There has been a lot of discussion in the past couple of years about whether and how the Outer Space Treaty applies to private companies such as lunar habitat operators and asteroid miners, and whether these private actors may be denied access to space until Congress passes a law authorizing them. Additionally, there is continuing discussion over whether and how the federal government may apply NASA’s planetary protection policy to private actors in space. As discussed on this blog and as I have testified, under the law the regulatory agencies may not deny private actors access to space or impose planetary protection on private actors. What should be done when not everyone agrees?
Solutions are available. The President by Executive Order, or the Congress through legislation, could ensure that NASA, the State Department, and the regulatory agencies do not deny private operators access to space by attempting to enforce treaty provisions that do not apply and are not self-executing. This could be done for both Article VI of the Treaty, which requires countries who signed the treaty to authorize and continuously supervise their “non-governmental entities,” and for Article IX’s mandate to avoid harmful contamination of celestial bodies. Its “planetary protection policy” is how NASA avoids harmful contamination from its own activities.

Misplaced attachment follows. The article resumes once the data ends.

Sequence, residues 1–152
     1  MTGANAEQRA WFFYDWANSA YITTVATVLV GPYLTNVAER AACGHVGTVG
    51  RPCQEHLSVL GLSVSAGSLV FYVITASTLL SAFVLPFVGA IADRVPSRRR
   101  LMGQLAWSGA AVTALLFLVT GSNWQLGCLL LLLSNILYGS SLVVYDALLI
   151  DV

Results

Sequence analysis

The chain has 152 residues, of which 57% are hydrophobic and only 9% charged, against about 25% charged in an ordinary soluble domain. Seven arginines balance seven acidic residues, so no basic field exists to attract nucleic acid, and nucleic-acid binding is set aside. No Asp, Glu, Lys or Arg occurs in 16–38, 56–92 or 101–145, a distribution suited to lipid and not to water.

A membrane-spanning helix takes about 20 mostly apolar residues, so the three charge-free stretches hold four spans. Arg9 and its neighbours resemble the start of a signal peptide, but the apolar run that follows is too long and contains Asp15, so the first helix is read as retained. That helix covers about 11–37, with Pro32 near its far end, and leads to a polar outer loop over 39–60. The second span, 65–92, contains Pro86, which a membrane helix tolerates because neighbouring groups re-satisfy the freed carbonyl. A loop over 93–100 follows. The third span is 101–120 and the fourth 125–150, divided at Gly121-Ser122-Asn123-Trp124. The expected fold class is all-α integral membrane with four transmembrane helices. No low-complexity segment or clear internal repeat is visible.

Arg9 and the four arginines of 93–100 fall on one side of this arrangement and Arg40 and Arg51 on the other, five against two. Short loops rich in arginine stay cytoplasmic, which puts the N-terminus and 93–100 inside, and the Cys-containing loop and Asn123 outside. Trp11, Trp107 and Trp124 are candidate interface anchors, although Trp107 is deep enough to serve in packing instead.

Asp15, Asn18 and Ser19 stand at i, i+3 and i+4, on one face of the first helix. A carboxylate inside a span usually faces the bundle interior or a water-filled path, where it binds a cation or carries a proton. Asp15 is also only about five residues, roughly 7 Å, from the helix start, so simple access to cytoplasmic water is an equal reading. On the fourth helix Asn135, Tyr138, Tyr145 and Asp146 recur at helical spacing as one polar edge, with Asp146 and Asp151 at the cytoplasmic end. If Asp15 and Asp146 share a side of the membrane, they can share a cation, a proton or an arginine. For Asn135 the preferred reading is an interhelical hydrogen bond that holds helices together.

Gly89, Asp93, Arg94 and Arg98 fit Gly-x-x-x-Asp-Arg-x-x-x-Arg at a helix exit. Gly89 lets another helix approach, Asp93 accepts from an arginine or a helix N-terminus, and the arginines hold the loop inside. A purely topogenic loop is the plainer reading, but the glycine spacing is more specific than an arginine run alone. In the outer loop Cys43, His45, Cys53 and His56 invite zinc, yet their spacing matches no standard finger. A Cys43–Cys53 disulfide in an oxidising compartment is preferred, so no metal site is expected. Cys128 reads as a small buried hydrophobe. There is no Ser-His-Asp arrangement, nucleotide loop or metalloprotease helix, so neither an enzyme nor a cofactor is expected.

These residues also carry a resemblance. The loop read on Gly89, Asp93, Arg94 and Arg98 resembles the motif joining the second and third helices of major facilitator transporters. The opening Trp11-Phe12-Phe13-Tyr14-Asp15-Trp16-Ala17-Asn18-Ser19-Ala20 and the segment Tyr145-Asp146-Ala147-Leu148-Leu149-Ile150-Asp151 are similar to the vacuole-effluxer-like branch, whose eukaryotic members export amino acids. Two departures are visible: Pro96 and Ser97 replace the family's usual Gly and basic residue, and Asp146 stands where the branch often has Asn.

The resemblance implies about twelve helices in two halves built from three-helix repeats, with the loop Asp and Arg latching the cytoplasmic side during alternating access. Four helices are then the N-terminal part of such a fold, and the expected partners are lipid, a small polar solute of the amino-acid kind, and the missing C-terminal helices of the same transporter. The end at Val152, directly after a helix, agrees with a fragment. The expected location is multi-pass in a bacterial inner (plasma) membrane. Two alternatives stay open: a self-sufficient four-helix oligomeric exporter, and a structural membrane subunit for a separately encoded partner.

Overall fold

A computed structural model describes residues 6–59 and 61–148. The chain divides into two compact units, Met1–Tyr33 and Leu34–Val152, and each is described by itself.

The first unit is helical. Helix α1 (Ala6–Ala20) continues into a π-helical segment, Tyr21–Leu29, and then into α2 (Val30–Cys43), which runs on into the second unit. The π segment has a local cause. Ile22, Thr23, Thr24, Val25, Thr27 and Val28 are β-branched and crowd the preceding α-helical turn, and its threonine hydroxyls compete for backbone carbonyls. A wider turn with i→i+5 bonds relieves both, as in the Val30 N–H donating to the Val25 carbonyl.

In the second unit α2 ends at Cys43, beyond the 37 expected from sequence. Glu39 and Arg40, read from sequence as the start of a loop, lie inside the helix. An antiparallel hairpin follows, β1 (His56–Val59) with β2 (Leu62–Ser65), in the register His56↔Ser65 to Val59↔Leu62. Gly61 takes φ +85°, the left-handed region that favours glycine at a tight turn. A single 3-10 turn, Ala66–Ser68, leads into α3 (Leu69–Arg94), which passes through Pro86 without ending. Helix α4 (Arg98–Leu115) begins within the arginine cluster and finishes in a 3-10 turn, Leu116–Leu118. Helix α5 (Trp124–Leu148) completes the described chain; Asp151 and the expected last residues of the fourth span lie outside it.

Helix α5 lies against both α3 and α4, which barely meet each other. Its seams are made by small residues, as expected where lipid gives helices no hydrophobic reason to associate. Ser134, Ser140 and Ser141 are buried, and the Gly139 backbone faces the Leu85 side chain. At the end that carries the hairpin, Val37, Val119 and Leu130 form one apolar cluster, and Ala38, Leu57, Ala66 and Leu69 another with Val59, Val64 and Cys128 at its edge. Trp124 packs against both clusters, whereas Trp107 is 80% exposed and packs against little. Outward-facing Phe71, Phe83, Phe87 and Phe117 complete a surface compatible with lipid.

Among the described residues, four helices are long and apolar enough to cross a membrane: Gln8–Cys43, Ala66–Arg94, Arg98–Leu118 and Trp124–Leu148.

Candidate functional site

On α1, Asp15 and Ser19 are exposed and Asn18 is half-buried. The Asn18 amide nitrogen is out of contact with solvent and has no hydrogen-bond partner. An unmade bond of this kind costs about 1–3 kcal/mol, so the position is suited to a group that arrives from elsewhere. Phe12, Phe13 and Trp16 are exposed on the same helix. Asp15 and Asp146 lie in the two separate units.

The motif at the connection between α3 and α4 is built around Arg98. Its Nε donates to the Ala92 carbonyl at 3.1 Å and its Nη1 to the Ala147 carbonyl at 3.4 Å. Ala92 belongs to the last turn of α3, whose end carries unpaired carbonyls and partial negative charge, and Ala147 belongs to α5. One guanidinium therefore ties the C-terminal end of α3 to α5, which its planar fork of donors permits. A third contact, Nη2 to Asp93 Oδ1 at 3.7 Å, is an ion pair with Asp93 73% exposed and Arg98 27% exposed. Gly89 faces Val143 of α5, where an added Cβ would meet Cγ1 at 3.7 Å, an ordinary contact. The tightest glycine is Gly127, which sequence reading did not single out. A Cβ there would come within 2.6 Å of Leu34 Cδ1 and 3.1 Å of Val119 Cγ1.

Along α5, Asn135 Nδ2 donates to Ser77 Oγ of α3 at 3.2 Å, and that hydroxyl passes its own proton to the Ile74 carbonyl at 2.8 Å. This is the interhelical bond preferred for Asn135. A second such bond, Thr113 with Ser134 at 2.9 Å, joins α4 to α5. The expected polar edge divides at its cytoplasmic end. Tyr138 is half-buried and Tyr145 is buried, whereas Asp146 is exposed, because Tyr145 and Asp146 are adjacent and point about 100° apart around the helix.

Because neither of these parts of the Treaty are self-executing, and because they are thus not domestically enforceable federal law, the President could ensure that regulatory agencies such as the Federal Aviation Administration, the Federal Communications Commission, and the National Oceanic and Atmospheric Administration, as well as NASA and the State Department, do not deny access to space to private operators on the basis of Articles VI or IX. An Executive Order is a perfect vehicle for ensuring that relevant portions of the government are reminded to comply with existing law.
Congress could follow a similar approach. It could through legislation also direct the regulators that they may not deny or attempt to deny access to space on the basis of non-self-executing treaty provisions, including both Articles VI and the harmful contamination provisions of Article IX.
Authorization and Continuing Supervision.
The FAA’s press release about its 2016 favorable payload review of Moon Express’s operation of a spacecraft and lunar vehicle shows that the FAA is attempting to enforce Article VI against private actors, even without implementing legislation from Congress. The FAA noted that Article VI requires authorization and supervision of the activities of non-governmental entities in outer space, and that the FAA consulted with and considered comments from the Department of State. With the State Department’s concurrence, the FAA announced that because it was able to enforce the representations that Moon Express made in its application for a payload review, this particular favorable payload determination complied with Article VI.